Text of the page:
It is one of the miracles of the 20th century, that, despite all the hatred and killings, Yugoslavia re-formed soon after the end of WWII - this time under the wings of the Soviet Union and the reign of the Croatian-Slovenian governor Marshal Tito and a central government in →Belgrade. After the death of Marshal Tito in 1980, Yugoslavia started to crumble. The political situation became gradually unstable; additionally, a big regional gap in the affluence of Yugoslavs marked another source of annoyance (as it does in other countries, eg Italy). To be more exactly, the standard of living in →Slovenia and Croatia was much higher than in the rest of Yugoslavia. After the beginning of Glasnost', the Perestroika and the fall of the Berlin Wall, first democratic elections were held in Croatia in 1990. This election was won by a non-communist, namely Franjo Tudjman, a former partisan general and leader of the Croatian Democratic Union.

Croatia: Completely destroyed: Vukovar in East Slavonia
Completely destroyed: Vukovar in East Slavonia

As a result of the election, Croatia declared its independence in 1991 and granted minority status to the Serb minority in Croatia. However, for some reason Serbs were not granted special rights. As a matter of fact, things got worse for Croatian Serbs. And so the Serb minority, not less than 600,000 people, voted for autonomy. To complicate things, Serbs of the Krajina immediately declared independence from Croatia after Croatia itself declared its independence. This unrecognized patch of land was called Republika Srpska Krajina (RSK) and consisted of three regions not being connected with each other - a part of West Slavonia, East Slavonia and the Krajina itself, which is the area close to the north-west border of Bosnia & Herzegovina. Capital of the RSK was the rather small town of Knin. Soon after the declaration of independence, the conflict was about to escalate. Bosnian Serbs as well as the JNA - the Yugoslav National Army, dominated by Serbs - rushed to the Krajina to protect the Serbs. This involved some 180,000 soldiers and around 2,000 tanks. The Krajina Serbs, occupying the area between Dalmatia and the rest of Croatia, used their strategically important position to cut off vital connections within Croatia. Heavy fights in the Krajina and in Slavonia, esp around →Vukovar, broke out. Vukovar was beleaguered by 30,000 soldiers and 600 tanks, before it surrendered after 3 months.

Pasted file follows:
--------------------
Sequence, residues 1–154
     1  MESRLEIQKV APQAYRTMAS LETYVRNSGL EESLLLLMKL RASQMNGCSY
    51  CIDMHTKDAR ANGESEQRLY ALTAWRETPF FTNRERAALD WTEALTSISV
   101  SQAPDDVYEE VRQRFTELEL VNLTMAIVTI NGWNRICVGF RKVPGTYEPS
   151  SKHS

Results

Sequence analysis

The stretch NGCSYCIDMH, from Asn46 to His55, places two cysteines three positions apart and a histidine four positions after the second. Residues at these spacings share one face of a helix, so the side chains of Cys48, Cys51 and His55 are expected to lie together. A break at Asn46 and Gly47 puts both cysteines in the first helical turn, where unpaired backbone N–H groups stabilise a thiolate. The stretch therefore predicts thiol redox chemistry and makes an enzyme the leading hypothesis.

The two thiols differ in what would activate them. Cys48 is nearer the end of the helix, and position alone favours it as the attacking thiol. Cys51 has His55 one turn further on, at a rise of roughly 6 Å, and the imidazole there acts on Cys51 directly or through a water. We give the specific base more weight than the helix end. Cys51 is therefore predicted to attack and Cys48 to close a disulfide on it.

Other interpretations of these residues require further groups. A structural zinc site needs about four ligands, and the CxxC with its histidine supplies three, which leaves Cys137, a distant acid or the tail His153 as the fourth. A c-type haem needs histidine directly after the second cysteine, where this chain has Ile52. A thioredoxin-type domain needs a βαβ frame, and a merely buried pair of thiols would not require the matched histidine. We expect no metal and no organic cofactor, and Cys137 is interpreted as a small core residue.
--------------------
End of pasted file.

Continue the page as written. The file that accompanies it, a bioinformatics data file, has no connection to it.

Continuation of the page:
Within three months, the Yugoslav National Army seized around ¼ of the entire country. As a countermeasure, Croatia blocked all JNA barracks on its territory. In order to lift the blockade, the JNA, now an alliance between Serbia and Montenegro, started to attack Southern Dalmatia around →Dubrovnik. The latter was besieged and came under heavy mortar shelling. Meanwhile, Serbian jet fighters attacked →Zagreb, trying to kill the Croatian president. They didn't succeed, but some civilians were killed. In 1995, negotiations about a truce were brought to a grinding halt. Croatia concentrated its forces in the military operation Blijesak (lightning) and recaptured West Slavonia. Less than three months later, Croatia started another campaign called Oluja (storm) to recapture the Krajina. Only East Slavonia around →Vukovar remained under Serbian control. As a result of the military operations, more than 100,000 Serbs had to flee their homes in an instant. The Dayton Accord of 1998 settled the unsolved conflict over East Slavonia. Serbia had to hand over East Slavonia, but the Serbs - even today more than 50% of the population there - are allowed to stay in East Slavonia, protected by international observers. Croatia with its present borders is internationally recognized.

The country is recovering more or less quickly. This is also thanks to the tourists coming back to Croatia. Today, there's a strong cooperation between the European Union and Croatia. The economy is booming, although unemployment in some areas exceeds 20%. However, the most important thing at the moment is the stabilization of the political situation of Croatia and the neighbouring countries.